Well-deserved acclaim for Thomas Kelly, Imsu Choi, Jac van Steen and the RCM SO

Terrific performance of Messiaen’s paean to love, joy and the flow of time, featuring a former CC Music Section laureate

Thomas Kelly, piano, Imsu Choi, ondes martenot, Royal College of Music Symphony Orchestra / Jac van Steen – Royal Festival Hall, May 1, 2024

“A Symphony must be like the world,” declared Mahler, reportedly, to Sibelius at their one meeting in 1907: “it must contain everything!”. Mahler no doubt had his own works in mind, not least the enormous Eighth completed that same year, but if ever there were a piece to which that statement applied it is the Turangalîla-Symphonie by Olivier Messiaen (born—curiously—in 1908). A 75-minute paean to love in all its manifestations as well as joy and the flow of time, its ten substantial movements embracing references from Mexican monumental statuary to Indian tâlas, all scored for a large orchestra with a huge percussion section (14 players in this performance), piano and ondes martenot soloists, Turangalîla is a daunting challenge for any professional orchestra. The young players of the Royal College of Music Symphony Orchestra rendered it with enthusiasm and, more crucially, a precision of ensemble and intonation that would be the envy of any of their peers.

More to the point, this was a performance of remarkable clarity, a tribute to the performers’ collective control as well as conductor Jac van Steen’s clear-eyed vision of the whole piece. Time and again, sonorities and instrumental textures emerged that often pass unnoticed in the phantasmagorical welter of Messiaen’s orchestration. One could distinguish more clearly than is often the case between the different diffuseurs of the ondes, particularly the Palme, with its twelve tuned resonating strings. Imsu Choi’s playing was subtle and nuanced, a little too much so in the earlier movements, arguably, when the ondes’ tone did not always quite swoop and shimmer in the many tuttis as one might expect. In the solos, Choi always judged it very nicely, and in the latter stages—not least the enchanting Jardin du sommeil d’amour and the eighth movement, Developpement d’amour—she had adjusted well-nigh perfectly.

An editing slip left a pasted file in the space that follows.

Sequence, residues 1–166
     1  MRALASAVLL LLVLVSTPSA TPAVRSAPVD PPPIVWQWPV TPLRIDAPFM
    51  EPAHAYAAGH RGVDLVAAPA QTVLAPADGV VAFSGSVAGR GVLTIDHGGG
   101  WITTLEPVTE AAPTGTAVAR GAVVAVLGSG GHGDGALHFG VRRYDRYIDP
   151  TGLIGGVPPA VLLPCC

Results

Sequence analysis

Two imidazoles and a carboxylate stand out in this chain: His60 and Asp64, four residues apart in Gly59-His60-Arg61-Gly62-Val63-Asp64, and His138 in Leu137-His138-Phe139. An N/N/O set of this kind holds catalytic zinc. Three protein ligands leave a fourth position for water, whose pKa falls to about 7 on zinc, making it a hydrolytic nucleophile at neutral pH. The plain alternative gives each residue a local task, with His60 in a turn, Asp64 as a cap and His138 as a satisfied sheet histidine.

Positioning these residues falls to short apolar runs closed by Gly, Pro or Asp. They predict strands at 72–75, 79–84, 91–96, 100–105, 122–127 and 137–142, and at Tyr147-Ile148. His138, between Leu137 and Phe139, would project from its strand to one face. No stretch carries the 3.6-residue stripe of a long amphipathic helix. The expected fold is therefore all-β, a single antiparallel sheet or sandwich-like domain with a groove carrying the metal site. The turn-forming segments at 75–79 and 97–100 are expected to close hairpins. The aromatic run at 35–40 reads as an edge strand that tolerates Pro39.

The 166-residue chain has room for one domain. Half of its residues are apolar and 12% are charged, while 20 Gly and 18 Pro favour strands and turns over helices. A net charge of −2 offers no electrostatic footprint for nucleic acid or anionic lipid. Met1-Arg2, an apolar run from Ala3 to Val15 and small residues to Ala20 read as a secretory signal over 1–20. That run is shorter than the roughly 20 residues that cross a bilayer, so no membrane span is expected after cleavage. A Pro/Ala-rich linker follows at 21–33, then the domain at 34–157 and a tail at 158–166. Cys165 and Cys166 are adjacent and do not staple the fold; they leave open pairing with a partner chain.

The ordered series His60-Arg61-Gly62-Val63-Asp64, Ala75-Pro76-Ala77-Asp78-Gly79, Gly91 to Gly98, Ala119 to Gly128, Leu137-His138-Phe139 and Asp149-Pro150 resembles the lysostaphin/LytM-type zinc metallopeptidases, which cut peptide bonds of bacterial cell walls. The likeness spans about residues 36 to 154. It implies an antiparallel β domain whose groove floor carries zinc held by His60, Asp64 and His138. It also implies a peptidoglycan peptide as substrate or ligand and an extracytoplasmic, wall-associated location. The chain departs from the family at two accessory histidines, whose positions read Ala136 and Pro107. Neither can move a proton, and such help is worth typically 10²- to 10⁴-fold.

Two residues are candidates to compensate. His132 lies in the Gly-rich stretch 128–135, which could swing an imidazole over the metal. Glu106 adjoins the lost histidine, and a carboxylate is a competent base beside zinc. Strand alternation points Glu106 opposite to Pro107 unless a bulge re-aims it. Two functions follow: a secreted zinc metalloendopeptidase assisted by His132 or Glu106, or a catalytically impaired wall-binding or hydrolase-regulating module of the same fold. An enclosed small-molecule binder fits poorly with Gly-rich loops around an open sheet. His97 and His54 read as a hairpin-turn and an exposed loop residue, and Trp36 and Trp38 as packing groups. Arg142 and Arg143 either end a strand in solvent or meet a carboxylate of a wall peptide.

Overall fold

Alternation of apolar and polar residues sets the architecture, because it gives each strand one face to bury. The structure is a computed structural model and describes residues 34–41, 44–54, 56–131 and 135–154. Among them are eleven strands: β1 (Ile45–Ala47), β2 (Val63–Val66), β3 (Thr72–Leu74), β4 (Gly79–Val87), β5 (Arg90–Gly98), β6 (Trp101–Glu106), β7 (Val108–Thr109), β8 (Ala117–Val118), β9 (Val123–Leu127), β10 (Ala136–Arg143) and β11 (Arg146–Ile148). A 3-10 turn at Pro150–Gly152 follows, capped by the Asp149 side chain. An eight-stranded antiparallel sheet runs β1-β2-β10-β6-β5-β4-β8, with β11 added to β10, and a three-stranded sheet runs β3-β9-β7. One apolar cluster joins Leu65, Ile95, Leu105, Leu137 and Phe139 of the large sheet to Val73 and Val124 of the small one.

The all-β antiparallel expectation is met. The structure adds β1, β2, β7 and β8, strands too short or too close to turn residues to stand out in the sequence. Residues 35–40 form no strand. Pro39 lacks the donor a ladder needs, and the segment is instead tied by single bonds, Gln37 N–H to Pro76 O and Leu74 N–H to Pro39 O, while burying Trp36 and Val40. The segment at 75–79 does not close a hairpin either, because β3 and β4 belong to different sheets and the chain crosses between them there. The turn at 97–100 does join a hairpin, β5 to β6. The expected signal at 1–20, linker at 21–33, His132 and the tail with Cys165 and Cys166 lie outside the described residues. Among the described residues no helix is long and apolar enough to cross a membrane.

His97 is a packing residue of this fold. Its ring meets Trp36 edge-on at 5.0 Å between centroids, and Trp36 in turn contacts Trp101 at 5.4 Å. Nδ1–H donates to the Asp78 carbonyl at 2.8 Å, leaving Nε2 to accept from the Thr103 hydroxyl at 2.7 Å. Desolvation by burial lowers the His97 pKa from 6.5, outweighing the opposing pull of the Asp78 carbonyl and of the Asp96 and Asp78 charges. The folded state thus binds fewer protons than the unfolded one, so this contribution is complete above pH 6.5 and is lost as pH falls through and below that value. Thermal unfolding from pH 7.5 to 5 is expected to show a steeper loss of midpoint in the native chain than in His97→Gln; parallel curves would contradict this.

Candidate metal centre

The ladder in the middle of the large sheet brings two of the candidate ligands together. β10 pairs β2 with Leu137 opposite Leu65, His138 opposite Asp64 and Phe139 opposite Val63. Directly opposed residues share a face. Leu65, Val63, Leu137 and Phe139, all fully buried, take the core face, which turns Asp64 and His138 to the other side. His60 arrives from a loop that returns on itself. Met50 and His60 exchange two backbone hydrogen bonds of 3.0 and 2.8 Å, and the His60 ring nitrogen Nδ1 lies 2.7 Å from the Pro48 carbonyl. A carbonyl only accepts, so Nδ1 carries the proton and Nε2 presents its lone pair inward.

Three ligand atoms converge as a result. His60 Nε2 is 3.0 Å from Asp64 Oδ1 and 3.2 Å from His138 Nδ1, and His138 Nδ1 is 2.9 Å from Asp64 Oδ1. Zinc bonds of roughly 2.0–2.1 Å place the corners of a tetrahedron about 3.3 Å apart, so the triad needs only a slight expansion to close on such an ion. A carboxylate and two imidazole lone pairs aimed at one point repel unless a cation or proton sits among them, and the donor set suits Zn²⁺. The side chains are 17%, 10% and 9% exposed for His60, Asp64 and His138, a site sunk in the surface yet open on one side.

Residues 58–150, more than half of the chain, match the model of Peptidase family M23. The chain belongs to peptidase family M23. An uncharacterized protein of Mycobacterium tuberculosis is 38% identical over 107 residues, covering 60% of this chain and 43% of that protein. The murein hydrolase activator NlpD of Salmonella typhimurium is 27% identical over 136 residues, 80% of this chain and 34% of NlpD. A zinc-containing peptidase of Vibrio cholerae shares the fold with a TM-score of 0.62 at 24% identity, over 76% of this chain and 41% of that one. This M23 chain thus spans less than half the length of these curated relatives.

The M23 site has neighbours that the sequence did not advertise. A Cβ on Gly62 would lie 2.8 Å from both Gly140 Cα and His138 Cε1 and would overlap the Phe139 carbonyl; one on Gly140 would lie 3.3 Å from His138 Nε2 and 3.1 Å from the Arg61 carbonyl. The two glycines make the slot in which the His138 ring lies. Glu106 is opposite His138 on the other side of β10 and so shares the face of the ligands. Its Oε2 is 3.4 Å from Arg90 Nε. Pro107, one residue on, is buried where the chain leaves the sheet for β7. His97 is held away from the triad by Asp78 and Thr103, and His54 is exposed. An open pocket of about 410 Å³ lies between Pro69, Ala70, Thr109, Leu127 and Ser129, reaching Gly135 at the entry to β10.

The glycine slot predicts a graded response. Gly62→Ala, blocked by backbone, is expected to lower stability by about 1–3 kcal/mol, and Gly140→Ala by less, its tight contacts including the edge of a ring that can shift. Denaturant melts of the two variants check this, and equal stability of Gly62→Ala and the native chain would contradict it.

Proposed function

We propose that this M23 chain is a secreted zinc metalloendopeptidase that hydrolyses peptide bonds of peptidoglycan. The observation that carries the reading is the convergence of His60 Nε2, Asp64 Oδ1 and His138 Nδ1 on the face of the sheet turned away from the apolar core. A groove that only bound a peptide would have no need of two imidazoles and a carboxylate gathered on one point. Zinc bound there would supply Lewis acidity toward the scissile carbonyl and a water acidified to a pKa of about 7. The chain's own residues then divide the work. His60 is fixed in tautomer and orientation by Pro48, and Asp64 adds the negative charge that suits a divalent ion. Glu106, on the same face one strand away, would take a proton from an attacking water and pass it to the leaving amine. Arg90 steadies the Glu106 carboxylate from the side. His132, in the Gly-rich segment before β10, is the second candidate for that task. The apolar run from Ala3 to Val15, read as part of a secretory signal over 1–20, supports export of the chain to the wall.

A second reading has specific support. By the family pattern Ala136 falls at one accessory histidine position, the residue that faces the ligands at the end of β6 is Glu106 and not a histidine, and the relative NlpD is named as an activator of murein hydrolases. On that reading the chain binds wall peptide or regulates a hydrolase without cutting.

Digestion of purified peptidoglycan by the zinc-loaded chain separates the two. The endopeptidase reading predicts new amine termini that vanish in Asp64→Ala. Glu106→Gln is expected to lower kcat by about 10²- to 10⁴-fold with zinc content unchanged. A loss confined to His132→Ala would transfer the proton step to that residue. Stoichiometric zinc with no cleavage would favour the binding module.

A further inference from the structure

Facing her across the other side of the podium, was the 2022 Critics’ Circle Pianist laureate, Thomas Kelly. The piano part is chordal, muscular, almost Lisztian in its virtuosic sweep; in many respects the ‘masculine’ twin of the more ‘feminine’ ondes. Kelly showed total command at the keyboard, dominating proceedings when required, reining back when he needed to. Most telling, perhaps, was the cadenza opening the seventh movement, Turangalîla 2, with its evocation of birdsong; Kelly’s rendition was bold and strong, not unlike Yuja Wang’s for Dudamel and the Simon Bolivar Orchestra, but steelier than Joanna MacGregor’s flittering account in the National Youth Orchestra’s Proms 2012 performance under Petrenko (both are available in YouTube). Another striking aspect of his performance was as the leader of the tuned percussion sub-section, with the celesta, glockenspiel and vibraphone ranged behind him at the front of the stage (the tubular bells were, wisely, at the back of the orchestra with the untuned percussion). This was the Orchestra’s event, however, and—directed with firm but open control by van Steen—every section responded with finely articulated playing, near-flawless ensemble, and a sense of occasion that was a delight to hear, echoed in the cheers and acclaim from the appreciative audience. Bravo, indeed!

Guy Rickards

Hon Sec, Music Section